(content note for suicide and emotional abuse)
It’s a mad world out there. So, especially after the insanity of the past few weeks politically, I figured I’d take some time to talk about self-care (and why the hell it’s so hard). Full disclosure: I am terrible at self-care. This is for many reasons–mental illness being one of them–related to fundamentalism and how I was taught to handle my emotions/mental health. Otherwise known as, why I’m so fucked up and bad at eating enough, taking care of my physical and mental health, etc.
I’m going to talk about two concepts that were actually completely foreign to me until about two years ago: Self-Care and Safe Spaces. I heard self-care for the first time and immediately realized it was something I had been missing most of my life. Because I had always been taught to put yourself first was selfish, and you lived to serve others and God…yourself last. (ya know…JOY…Jesus, Others, You. I know. it’s a sneaky Sunday School thing)
I am here to tell you: It. Is. Not. Selfish. It is not selfish to take care of yourself or take time to yourself when you’re overwhelmed or need breaks from the harshness of life. Self-care for me has been about being more self-aware. Aware of how I’m feeling, checking in with my body and emotions and knowing when rest is needed. Because, if you don’t take care of yourself, how are you supposed to resist an oppressive government, or take care of other people in your life. I don’t often believe this, but it’s true. And acknowledging negative emotions or that you’re not doing well isn’t wrong either.
Here’s what happens when you’re taught to ignore your own needs and put others’ needs first. You implode on yourself…or explode when things get to be too much. Story time! I grew up hearing that I couldn’t trust my feelings. which leads to ALL SORTS OF BAD THINGS. But moving on…because of this, I learned simply not to feel anything at all. I numbed myself emotionally to the point of not crying for 2-3 years in high school. Literally, I stopped expressing outwardly any negative emotion, and it was the worst. This is probably where many of my trust issues began honestly.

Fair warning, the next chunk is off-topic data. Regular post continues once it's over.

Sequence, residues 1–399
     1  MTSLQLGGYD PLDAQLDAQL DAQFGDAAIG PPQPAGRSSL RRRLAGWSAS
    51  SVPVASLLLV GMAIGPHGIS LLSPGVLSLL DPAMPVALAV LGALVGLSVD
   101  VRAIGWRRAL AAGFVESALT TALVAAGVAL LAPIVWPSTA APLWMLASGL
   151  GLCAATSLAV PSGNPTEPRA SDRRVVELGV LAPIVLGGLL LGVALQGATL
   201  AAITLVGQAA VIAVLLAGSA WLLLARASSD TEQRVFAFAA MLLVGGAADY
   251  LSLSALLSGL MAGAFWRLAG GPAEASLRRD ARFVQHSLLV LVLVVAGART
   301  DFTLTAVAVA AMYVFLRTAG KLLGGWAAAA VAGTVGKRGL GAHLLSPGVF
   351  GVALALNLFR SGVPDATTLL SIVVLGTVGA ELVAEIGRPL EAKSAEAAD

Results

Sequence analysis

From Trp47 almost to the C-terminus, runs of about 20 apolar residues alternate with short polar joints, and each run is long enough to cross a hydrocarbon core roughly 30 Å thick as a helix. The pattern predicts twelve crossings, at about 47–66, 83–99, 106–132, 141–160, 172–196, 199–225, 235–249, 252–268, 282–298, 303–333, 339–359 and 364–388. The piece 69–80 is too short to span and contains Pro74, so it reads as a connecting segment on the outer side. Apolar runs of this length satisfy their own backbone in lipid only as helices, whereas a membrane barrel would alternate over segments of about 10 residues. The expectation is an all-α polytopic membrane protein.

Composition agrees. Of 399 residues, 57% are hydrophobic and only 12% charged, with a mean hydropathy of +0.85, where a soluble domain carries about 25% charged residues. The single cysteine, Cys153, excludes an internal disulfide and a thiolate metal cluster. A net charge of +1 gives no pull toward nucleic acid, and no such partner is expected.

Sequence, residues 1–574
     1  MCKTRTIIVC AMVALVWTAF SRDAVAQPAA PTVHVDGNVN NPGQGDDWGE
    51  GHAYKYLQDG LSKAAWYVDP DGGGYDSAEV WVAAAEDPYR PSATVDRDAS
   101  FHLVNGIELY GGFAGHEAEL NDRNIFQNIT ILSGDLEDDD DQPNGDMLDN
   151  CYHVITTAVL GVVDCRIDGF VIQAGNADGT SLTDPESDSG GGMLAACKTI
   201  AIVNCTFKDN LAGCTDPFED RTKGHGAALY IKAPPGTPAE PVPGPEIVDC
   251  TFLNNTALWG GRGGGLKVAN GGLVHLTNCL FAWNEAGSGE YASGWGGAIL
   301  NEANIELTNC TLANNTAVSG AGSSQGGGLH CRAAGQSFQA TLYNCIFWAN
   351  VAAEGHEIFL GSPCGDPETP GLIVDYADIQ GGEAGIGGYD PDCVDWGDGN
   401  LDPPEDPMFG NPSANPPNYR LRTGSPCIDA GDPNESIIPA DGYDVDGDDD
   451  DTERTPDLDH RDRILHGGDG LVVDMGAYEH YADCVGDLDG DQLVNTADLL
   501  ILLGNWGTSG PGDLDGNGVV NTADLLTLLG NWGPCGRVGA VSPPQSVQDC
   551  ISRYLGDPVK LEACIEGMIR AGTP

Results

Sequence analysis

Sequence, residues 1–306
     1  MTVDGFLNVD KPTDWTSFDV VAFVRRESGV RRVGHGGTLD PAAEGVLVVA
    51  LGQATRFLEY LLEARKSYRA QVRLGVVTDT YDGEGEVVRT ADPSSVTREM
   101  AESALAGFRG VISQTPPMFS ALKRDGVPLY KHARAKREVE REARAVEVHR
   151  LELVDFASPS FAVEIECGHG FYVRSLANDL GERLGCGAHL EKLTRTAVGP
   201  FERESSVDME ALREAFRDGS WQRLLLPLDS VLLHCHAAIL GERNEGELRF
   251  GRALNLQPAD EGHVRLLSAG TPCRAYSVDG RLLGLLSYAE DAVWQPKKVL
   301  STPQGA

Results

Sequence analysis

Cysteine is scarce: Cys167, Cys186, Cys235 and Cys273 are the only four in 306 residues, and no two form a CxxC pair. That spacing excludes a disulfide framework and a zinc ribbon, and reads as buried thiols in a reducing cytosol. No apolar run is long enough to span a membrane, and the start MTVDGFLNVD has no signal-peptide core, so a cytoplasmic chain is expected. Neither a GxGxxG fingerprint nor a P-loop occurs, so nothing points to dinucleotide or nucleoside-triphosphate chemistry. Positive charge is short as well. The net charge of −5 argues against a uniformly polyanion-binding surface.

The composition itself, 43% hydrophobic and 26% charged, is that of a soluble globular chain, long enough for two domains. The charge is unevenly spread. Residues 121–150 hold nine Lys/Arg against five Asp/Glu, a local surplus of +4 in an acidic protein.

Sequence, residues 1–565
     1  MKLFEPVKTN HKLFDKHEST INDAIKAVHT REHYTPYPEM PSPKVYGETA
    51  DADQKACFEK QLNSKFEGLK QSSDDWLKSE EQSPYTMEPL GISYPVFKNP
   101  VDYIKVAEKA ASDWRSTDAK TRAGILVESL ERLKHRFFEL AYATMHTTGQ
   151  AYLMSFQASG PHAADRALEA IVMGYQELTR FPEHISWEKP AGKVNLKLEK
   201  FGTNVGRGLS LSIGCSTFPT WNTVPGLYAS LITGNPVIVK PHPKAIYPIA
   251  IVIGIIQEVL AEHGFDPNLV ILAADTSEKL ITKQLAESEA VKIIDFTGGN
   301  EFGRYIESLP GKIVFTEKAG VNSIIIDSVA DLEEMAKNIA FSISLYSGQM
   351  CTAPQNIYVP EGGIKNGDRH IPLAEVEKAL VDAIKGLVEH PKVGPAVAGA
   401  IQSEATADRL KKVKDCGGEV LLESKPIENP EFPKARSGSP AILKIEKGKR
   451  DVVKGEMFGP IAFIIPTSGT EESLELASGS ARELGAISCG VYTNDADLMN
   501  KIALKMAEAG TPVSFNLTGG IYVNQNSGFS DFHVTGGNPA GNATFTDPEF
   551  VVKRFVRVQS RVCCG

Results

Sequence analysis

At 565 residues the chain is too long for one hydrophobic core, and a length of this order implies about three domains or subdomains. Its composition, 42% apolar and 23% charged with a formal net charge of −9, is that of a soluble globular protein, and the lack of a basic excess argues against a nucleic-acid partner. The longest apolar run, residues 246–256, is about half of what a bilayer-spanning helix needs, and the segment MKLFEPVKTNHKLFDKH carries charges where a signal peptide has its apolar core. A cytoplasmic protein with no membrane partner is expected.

Not only did I learn not to trust myself and what I was feeling. This taught me not to trust other people in my life either. By the time I got to 20, I really was primed to explode if something didn’t give. I had NO safe spaces. There wasn’t any safe place or safe person to turn to. I was in the midst of my first and most abusive relationship and came the closest to killing myself. Even when I told my boyfriend that night how suicidal I was, he ignored my calls. I got so desperate I called a friend who was 3 hours away. And while she was there in a way that no one else was, she made me feel guilty for feeling the way I was feeling. She did not understand how I got myself to that point or how I could be so selfish to want to end my own life.
I can’t stress enough the importance of community and safe spaces for folks with mental illness and in abusive situations. Safe Space…as in judgment free, compassionate, safe, home. Home for those who have been estranged from their home and family. Safe spaces are again, a new concept for me. It wasn’t until halfway through college that I had a group of friends. And they were truly there for me and had to constantly remind me that they were friends and were safe, because I had a hard time believing people existed in the world who loved me for who I was. I was so used to hiding my emotions and inner demons.
What helps keep you safe is knowing you’re loved. Not for who people want you to be, for what you can do for them, or for who you pretend to be. But for who you really are as a whole person. So whatever the things are that make you YOU, find those people who see you. Find those people who make you feel safe. Find those people who make you feel at home.
I’m thankful to have found a few people and spaces where this is true. Where I am safe. Safe. That word is such a beautiful weighty word for something we all need. Tonight, I hope you’ve found those places and those people. If you haven’t, just know that I am a safe person you can reach out to. No one should feel unsafe or unloved and I will do my best to help undo that in whatever way I can if this is the case for you. Don’t forget: take care of yourself; you are loved and needed in this crazy world.